After spending a beautiful Shabbat in historic Krakow, we woke up today at 6:30am and drove to Auschwitz-Birkenau. Many people often confuse the two camps or mistake one for the other. Upon arrival we learned that Auschwitz (Auschwitz I) was built early on in the war and Birkenau (Auschwitz II) was built later on to accommodate for a larger influx of Jews from all over Europe.

We began our tour of Birkenau (Auschwitz II) by walking towards the iconic entrance of the camp, where trains carrying many of our relatives came through. Many of us took pictures donning our Israel flags on the tracks leading into the camp in order to proudly proclaim to all humanity that Hitler’s ‘final solution’ was unsuccessful and that the Jewish people are now stronger than ever with their own state. From the gateway, דוד, our tour guide, led us to the platform where the fate of thousands of Jews that were hauled into Birkenau was decided. It was incredibly striking seeing how little value the Nazis placed on life. If one was sent to the right, the person was subjected to forced labor, and if one was sent to the left, the person was murdered in the gas chambers. We were told that close to 70% of the people that arrived here were directed to their demise. From the platform, we followed in the footsteps of those sentenced to the gas chambers. It wasn’t the first one we had seen one on this trip, but it was no less striking. However, this gas chamber had an added level of significance  because it had been destroyed in a ‘Sonderkommando’ revolt (The Sonderkommado were Jews who were forced, on threat of their own deaths, to aid with the disposal of victims of the gas chambers). This uprising marked the only moment in the history of the camp where the inmates were able to regain the humanity by fighting back against their oppressors. Our last stop in Birkenau was in the barracks where we saw the the filthy living quarters of the Jews that survived the selection. It was here that we began to truly gain perspective on the horrific conditions our ancestors were subjected to.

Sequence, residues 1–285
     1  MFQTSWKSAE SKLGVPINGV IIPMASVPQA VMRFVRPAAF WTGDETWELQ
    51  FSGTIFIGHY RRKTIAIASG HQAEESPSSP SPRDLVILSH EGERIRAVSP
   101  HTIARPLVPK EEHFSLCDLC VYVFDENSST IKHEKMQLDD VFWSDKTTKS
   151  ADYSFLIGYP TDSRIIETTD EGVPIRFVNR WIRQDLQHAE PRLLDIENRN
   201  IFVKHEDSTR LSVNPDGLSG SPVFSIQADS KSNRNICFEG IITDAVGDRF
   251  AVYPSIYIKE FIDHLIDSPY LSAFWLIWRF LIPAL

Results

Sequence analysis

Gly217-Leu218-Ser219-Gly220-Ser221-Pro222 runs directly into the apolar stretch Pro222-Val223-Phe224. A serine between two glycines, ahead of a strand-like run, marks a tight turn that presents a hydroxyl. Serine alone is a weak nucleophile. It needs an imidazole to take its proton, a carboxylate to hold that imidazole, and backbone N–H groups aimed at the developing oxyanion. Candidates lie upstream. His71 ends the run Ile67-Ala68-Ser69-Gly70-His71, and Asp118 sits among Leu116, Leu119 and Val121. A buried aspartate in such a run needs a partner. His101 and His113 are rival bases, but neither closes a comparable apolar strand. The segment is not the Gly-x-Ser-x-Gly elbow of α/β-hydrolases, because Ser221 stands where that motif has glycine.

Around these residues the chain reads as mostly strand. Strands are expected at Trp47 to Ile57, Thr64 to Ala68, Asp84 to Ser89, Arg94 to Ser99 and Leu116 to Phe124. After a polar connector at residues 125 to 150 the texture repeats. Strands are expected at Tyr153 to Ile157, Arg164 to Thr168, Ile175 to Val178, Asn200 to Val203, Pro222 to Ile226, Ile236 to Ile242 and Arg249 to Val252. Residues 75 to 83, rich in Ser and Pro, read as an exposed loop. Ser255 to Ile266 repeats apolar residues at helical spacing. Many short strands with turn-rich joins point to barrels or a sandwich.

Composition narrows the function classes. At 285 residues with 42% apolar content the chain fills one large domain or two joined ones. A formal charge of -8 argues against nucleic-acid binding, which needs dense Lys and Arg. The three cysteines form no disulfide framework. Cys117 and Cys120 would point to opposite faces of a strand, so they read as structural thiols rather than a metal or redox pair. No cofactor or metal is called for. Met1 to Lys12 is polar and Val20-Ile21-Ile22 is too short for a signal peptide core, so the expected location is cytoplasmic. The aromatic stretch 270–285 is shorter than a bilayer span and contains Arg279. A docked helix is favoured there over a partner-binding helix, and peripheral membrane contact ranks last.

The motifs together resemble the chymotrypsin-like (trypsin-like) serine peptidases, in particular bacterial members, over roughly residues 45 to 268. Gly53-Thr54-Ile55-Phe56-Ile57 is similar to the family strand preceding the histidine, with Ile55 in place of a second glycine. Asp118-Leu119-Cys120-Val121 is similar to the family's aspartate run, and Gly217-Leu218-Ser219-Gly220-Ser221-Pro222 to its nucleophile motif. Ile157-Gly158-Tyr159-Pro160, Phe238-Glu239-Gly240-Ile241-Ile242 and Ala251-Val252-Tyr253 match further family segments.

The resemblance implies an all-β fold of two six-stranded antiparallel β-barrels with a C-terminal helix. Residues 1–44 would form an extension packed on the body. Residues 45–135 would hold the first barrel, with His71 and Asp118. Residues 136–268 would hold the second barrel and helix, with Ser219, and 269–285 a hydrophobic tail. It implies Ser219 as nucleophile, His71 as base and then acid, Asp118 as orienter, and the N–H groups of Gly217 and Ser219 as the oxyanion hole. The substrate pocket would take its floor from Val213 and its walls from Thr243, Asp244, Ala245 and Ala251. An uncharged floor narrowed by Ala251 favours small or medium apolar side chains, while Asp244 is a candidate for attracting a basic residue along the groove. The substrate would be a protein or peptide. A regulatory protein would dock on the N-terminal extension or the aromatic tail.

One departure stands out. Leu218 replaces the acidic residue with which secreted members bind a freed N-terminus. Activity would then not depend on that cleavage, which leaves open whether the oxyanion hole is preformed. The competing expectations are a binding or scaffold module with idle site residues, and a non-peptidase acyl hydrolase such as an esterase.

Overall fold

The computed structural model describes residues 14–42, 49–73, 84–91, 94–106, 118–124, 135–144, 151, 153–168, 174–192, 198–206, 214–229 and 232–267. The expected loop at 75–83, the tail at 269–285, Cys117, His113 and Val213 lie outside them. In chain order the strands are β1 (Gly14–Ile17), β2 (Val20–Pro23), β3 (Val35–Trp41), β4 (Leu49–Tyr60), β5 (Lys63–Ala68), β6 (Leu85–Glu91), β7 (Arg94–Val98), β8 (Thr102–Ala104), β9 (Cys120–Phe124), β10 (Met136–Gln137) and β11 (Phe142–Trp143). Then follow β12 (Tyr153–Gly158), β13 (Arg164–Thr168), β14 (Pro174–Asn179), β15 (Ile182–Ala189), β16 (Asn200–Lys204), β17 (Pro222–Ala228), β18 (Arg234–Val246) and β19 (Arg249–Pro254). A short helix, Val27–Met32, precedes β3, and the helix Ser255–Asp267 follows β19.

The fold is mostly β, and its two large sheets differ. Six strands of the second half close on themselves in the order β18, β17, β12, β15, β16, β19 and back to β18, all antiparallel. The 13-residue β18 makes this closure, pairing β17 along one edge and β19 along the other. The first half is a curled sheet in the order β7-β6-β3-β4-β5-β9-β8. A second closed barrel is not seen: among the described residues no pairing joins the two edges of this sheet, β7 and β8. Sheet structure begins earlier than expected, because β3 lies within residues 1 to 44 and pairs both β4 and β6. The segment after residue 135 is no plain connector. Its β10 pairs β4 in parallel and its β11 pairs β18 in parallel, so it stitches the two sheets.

From Birkenau we took the bus to Auschwitz (Auschwitz I), where instead of being greeted to an unsullied labor camp, we were met with souvenirs and lines for vending machines. Many of us were appalled how the systematic genocide of our forebears was turned into a tourist attraction. Others argued that these degrading amusements were merely a way for the Polish government to secure the revenue to maintain the camp and the history of those detained in it. Josh and other group leaders later expressed this sentiment. Nonetheless, we went on the museum tour and gained some more valuable information about Auschwitz and the Nazi occupation. After the tour, we looked through the Yad Vashem Holocaust records to find our ancestors, and davened mincha.

Our final stop of the day was to a cramped bunker in Radegast where a family of 25 hid during the occupation and 17 survived. Then we bordered the buses for dinner and our last night in Lodz.